Wildlife passages – both those that travel under and over other roads – are a burgeoning infrastructure business in federal and province (or state) budgets these days. But the City of Edmonton has taken the cake in protecting their drivers – and wild neighbours.
For the last several years, the Albertan capital has created 27 wildlife passages, reducing the rate of wildlife collisions by as much as 51 per cent.
“A wildlife passage connects natural habitats, promotes biodiversity and prevents isolation of populations,” said Gary Klassen, general manager, Sustainable Development, in a release after the city won two awards for its wildlife passage program. “These wildlife passages forge an important link between nature and our growing city and prove our commitment to protect the biodiversity within Edmonton.”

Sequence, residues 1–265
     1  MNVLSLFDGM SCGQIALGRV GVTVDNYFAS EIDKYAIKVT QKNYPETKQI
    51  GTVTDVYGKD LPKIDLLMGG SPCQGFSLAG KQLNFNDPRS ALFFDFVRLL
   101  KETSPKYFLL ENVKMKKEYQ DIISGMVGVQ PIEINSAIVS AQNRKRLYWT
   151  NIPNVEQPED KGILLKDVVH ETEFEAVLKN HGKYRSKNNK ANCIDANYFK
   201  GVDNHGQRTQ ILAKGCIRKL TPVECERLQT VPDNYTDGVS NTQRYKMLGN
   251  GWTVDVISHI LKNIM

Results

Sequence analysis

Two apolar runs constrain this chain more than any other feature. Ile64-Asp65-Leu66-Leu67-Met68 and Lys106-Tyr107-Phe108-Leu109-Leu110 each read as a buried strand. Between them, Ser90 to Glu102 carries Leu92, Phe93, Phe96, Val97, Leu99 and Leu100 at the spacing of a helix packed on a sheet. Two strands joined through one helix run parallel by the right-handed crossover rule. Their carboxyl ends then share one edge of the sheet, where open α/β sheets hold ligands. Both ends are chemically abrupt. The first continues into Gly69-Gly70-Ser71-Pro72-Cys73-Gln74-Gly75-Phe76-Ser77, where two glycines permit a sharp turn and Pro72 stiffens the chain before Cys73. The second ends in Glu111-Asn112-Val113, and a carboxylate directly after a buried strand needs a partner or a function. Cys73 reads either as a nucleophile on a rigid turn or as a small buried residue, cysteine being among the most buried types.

In a recent video short, the Edmonton Journal spoke with Robert Nixon, a construction manager with developer Walton, at the site of a new passage in the city’s north end.
“From an engineering standpoint it’s a pretty standard bridge,” he noted. “We’ve moved the centre pier though so large animals like moose can get through without impacting their antlers on the abutments of pier.”
He added that items like tree stumps and hollowed out logs are placed in the system, too, making sure safe passage for smaller prey species is possible.
It is absolutely thrilling and inspirational to know that major cities like Edmonton are taking a progressive, leadership role in reducing wildlife conflict and keeping the wild families within their borders safe.
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